Redirect Logs to File

The Spring boot logger allows you to redirect logs to a file. Using logging properties, the file name should be configured in the application properties files. The configuration below will write the logs to a specified file in the spring boot application. This command will create a log in file but will not stop writing in the console window. The logs will be written to both a file and a console window.


Disable Console Log

If you redirect the log to a file, the spring boot application will write the log in both the console window and the configured file. The following commands should be used to stop sending the log to the console window. The following command will stop printing the banner and display the spring boot default logs in the console window.


Spring Boot Logging Pattern

Spring boot allows you to change the message logging pattern. A prefix percentage can be used to define the logging pattern. The following is an example of a logging pattern that can be configured in the application properties file.

logging.pattern.file= %d{yyyy-MM-dd HH:mm:ss} [%thread] %-5level %logger{36} - %msg%

Configure LogBack in Spring Boot

Spring boot log can be configured using Logback. The logback xml file will be used to configure the logger using the xml code below. The output of the console output appender will be logged in the console window. The output will be logged in the specified file location by the logfile appender. The log level is set at the root level. The logs will be logging in spring boot using the logback xml configuration mentioned below.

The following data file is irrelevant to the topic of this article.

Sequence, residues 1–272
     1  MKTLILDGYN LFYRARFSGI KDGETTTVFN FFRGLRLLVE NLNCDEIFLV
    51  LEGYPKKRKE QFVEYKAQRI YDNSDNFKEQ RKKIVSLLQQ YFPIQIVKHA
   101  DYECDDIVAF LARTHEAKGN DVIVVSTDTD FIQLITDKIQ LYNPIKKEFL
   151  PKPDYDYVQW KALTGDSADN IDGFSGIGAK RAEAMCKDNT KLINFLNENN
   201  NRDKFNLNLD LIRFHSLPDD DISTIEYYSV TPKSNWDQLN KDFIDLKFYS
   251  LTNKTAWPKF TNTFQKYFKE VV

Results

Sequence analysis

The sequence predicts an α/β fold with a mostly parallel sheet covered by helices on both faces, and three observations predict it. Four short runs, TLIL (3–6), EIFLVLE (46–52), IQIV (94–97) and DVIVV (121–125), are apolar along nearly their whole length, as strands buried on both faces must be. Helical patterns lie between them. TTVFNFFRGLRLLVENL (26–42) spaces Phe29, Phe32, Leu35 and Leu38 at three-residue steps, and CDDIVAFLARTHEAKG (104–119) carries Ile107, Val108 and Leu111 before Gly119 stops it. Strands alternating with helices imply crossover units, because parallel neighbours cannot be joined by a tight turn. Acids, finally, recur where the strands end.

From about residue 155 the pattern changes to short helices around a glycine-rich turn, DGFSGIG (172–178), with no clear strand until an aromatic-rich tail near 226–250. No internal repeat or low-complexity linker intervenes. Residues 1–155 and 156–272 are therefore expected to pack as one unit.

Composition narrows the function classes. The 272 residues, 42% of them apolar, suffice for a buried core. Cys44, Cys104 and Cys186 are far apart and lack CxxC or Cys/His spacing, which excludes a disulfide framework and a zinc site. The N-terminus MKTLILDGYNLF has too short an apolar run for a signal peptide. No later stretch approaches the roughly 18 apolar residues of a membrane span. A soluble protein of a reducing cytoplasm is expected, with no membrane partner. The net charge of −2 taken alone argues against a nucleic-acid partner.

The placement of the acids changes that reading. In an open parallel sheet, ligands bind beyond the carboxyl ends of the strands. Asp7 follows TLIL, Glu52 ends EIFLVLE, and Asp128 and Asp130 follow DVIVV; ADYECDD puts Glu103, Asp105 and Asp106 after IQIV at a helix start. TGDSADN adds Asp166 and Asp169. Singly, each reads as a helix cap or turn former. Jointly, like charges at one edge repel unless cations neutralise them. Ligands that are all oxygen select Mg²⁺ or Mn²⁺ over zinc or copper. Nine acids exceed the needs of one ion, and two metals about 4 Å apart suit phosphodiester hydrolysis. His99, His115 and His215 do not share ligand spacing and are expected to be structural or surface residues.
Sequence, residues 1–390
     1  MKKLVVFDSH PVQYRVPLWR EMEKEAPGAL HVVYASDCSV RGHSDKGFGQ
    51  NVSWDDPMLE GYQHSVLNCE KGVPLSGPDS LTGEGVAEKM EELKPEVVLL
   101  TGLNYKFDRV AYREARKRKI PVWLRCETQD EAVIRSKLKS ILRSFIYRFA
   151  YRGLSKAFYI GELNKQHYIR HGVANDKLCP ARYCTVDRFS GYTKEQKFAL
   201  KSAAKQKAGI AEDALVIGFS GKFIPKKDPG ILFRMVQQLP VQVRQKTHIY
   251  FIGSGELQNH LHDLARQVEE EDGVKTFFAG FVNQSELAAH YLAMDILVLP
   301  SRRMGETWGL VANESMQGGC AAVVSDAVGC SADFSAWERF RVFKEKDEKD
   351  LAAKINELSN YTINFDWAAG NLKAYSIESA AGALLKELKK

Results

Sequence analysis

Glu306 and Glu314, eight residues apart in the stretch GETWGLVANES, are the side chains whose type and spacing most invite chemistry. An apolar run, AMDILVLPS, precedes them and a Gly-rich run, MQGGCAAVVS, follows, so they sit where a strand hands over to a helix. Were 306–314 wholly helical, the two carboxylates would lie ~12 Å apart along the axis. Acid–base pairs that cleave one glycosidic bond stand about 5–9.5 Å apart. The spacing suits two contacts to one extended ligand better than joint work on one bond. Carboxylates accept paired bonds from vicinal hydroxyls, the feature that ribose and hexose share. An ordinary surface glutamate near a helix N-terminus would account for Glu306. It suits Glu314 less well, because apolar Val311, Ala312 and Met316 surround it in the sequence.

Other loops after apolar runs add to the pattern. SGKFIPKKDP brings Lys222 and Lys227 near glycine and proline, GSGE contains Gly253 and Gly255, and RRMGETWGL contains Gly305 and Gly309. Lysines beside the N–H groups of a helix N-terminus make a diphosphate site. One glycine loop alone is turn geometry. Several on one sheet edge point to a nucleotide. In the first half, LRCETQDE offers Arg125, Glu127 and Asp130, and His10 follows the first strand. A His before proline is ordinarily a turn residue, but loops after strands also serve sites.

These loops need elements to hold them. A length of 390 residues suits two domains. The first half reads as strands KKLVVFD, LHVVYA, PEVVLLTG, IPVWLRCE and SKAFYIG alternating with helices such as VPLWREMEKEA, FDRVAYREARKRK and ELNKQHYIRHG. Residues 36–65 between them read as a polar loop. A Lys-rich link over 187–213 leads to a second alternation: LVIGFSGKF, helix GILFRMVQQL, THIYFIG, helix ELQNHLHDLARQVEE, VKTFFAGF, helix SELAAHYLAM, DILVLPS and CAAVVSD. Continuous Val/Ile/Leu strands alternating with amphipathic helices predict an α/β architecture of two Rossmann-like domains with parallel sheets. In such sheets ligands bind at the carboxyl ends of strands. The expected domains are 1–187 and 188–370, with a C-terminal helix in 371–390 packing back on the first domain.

<?xml version = "1.0" encoding = "UTF-8"?>
   <appender name = "consoleoutput" class = "ch.qos.logback.core.ConsoleAppender"></appender>
   <appender name = "logfile" class = "ch.qos.logback.core.FileAppender">
   <root level = "INFO">
      <appender-ref ref = "logfile"/>
      <appender-ref ref = "consoleoutput"/> 

Logging with Log4j2

The pom xml file should be modified to load Log4j2 library instead of default logging framework. The following dependency inclusion and exclusion should be added in the pom xml file. The dependency for log4j2 will be added in the spring boot logging framework.


The log4j2 xml file is used by the log4j2 logging framework. The sample log4j2 xml file will be as shown below.


<?xml version="1.0" encoding="UTF-8"?>
<Configuration status="info">
        <Property name="pattern">%d{yyyy-MM-dd'T'HH:mm:ss.SSSZ} %p %m%n</Property>
        <Console name="consoleoutput" target="SYSTEM_OUT">
            <PatternLayout pattern="${pattern}" />

        <Root level="info">
            <AppenderRef ref="consoleoutput" />

Custom Log Configuration

By including the required libraries to the classpath, the different logging systems can be activated. They can be further customised by adding the appropriate configuration file to the classpath’s root or to a location specified by the logging.config.


logback-spring.xml, logback-spring.groovy, logback.xml, logback.groovy


log4j2-spring.xml, log4j2.xml

JDK – Java util logging


Leave a Reply